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Navigating the Hispanic Market

Ann Hoogenboom's picture
Formerly Mission and Brand Manager KSV
  • Member since 2017
  • 13 items added with 12,535 views
  • May 21, 2018 2:45 pm GMT

This item is part of the Special Issue - 2018-05 - Customer Care, click here for more

Estás interesado en aprender sobre cómo ahorrar en tus facturas de energía?

Sí, muy interesado, me interesa bastante. Absolutamente.

Translation: Hispanic customers want to learn how to save on their energy bill—they are very interested, absolutely—just the same as any other population segment.

Of course, the connection between saving money and energy efficiency is nothing new.

But using a combination of quantitative research and our “hit the streets” qualitative research, we asked: What else is important to Hispanic customers?

Here’s what we found, over half of the Hispanic market:

  • Desires to be more environmentally responsible
  • Makes key decisions in support of home comfort

People want to save money, they connect energy efficiency with saving money. This is the price of entry. Whether we like it or not, Amazon has forced all of us into a world of thin margins. And price is a weak differentiator for brands. Stronger longer lasting brands are built on emotional connections.  

Additionally, in our research with the Hispanic market, half of respondents lacked the knowledge they need to make good energy efficiency decisions, and a significant number lacked even basic awareness about energy efficiency.

We asked about what they are doing at home, in their daily lives and in their communities that isn’t strictly focused on energy efficiency, but that could connect them with saving money through energy efficient products and programs.

Our findings? DIY (do it yourself) is key.

They are improving the comfort of their homes.

Over half of the customers surveyed had done home improvement projects over the past year, primarily kitchen and bathroom renovations and aesthetic improvements such as painting and refinishing floors.

The idea of LEDs has been adopted.

Over 40 percent of the population selected LEDs as the energy efficient product they were most interested in. But we found that their purchasing behavior doesn’t match their reported interest.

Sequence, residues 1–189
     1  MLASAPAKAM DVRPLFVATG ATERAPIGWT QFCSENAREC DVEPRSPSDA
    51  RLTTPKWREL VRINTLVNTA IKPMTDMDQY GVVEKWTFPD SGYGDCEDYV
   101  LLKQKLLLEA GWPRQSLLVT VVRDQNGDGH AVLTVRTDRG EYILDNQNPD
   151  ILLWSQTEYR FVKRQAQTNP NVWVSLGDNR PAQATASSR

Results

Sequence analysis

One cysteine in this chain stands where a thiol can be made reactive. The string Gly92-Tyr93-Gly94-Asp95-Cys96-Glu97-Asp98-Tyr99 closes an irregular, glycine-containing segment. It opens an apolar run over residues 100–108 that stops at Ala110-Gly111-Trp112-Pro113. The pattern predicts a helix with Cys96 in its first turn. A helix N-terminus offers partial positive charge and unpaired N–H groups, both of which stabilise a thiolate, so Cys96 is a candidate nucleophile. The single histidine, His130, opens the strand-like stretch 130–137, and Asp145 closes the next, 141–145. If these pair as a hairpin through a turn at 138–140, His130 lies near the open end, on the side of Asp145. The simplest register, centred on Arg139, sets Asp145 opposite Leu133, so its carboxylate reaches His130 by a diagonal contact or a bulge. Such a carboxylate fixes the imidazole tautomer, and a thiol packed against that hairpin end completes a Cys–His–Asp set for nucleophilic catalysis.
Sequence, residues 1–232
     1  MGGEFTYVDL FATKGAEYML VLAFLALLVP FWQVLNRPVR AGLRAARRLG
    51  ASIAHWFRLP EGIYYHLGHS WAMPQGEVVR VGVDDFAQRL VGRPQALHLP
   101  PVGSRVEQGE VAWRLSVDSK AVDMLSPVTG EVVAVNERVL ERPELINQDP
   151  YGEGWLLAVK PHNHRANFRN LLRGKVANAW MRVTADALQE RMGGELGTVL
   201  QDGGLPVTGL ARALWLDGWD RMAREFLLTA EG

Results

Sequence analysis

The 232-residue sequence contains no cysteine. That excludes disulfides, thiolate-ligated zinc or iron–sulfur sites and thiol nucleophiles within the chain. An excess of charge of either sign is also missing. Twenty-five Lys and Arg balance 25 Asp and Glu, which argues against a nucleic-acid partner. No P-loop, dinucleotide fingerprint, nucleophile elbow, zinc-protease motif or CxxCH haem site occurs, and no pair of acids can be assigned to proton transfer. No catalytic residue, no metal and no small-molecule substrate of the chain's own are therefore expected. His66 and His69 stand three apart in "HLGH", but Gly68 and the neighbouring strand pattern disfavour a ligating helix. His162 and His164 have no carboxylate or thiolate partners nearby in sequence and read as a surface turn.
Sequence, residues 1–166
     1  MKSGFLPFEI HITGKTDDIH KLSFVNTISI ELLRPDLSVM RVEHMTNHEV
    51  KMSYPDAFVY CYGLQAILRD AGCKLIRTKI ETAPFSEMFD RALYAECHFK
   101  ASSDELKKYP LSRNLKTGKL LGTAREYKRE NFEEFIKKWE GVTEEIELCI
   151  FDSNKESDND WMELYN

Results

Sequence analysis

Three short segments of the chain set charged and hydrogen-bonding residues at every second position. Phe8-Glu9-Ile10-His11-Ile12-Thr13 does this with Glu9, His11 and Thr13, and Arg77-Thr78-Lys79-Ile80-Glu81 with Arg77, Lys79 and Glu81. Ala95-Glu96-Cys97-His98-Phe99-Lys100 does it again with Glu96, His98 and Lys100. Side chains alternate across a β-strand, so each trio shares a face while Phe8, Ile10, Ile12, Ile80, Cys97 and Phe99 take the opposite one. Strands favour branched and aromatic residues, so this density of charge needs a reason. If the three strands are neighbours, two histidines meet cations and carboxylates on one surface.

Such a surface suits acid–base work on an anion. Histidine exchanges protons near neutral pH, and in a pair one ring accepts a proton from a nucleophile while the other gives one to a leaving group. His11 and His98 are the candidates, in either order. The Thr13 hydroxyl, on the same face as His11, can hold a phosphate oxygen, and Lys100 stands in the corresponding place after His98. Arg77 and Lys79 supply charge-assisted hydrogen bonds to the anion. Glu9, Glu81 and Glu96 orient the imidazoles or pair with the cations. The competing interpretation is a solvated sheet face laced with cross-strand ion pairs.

They want to purchase smart home products.

This market segment reported purchasing more smart home products in the last year (12 percent of Hispanic customers surveyed) when compared with white and African American populations (9 percent and 7 percent respectively).

Another 40 percent reported interest in purchasing ENERGY STAR® rated appliances and smart home products in the future. We found no difference in interest to purchase across ethnicity.

Energy services and product company translation: big opportunity.

The aha moment.

  1. Promote products that have been adopted—like LEDs—as the gateway to other products. Connect LEDs with other products both in your communications and in store promotions. This population is more likely to purchase in store than online. Power strips, weather-stripping and other simple DIY energy efficiency products that can easily be used during home renovations should be cross promoted with LED products.
  2. Create greater brand value through the emotional benefits of home comfort and acting in support of the environment, which a large part of the population values as energy efficiency benefits.
  3. Use traditional communication methods targeted directly at the DIYer. Partner with home improvement apps, publications (on and offline) and social channels. Over a third of this segment prefers Spanish over English so communicate in Spanish. And don’t forget the traditional channels. The Hispanic customer is asking for knowledge and education, and they prefer regular mail. 

While we often talk about this market in “hard to reach” terms, our research shows that it shouldn’t be so hard. When we compared white, African American and Hispanic populations, we found that ethnic background is not a major influence on interest in energy efficiency.

We know that Hispanic populations spend more of their income on electric bills than the average family. The ACEEE has identified energy efficiency as an underutilized strategy in reducing high energy burdens by as much as 30 percent. And we know that awareness is low.

Use the three steps we’ve outlined to get creative with focusing on the DIY customer. Our research is telling you that if you build it, they will come—after all, it worked for Kevin Costner, why not you?

Originally posted at Energy Wire.

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